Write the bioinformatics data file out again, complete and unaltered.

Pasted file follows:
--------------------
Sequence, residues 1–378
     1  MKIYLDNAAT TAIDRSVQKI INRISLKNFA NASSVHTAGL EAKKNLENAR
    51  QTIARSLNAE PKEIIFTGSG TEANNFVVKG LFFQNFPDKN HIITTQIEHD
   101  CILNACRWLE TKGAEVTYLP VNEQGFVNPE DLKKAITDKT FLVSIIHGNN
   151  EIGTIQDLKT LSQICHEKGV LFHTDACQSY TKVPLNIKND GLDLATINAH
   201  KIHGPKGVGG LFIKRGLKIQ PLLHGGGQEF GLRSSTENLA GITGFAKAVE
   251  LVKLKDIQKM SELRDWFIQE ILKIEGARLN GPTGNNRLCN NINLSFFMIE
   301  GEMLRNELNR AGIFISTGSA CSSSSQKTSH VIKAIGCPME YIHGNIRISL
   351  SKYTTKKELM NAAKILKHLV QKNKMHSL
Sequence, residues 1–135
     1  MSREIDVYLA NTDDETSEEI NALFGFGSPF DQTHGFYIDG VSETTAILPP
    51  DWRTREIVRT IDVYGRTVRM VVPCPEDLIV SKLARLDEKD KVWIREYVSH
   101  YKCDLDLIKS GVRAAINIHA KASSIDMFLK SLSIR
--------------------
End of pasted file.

Sequence, residues 1–378
     1  MKIYLDNAAT TAIDRSVQKI INRISLKNFA NASSVHTAGL EAKKNLENAR
    51  QTIARSLNAE PKEIIFTGSG TEANNFVVKG LFFQNFPDKN HIITTQIEHD
   101  CILNACRWLE TKGAEVTYLP VNEQGFVNPE DLKKAITDKT FLVSIIHGNN
   151  EIGTIQDLKT LSQICHEKGV LFHTDACQSY TKVPLNIKND GLDLATINAH
   201  KIHGPKGVGG LFIKRGLKIQ PLLHGGGQEF GLRSSTENLA GITGFAKAVE
   251  LVKLKDIQKM SELRDWFIQE ILKIEGARLN GPTGNNRLCN NINLSFFMIE
   301  GEMLRNELNR AGIFISTGSA CSSSSQKTSH VIKAIGCPME YIHGNIRISL
   351  SKYTTKKELM NAAKILKHLV QKNKMHSL
Sequence, residues 1–135
     1  MSREIDVYLA NTDDETSEEI NALFGFGSPF DQTHGFYIDG VSETTAILPP
    51  DWRTREIVRT IDVYGRTVRM VVPCPEDLIV SKLARLDEKD KVWIREYVSH
   101  YKCDLDLIKS GVRAAINIHA KASSIDMFLK SLSIR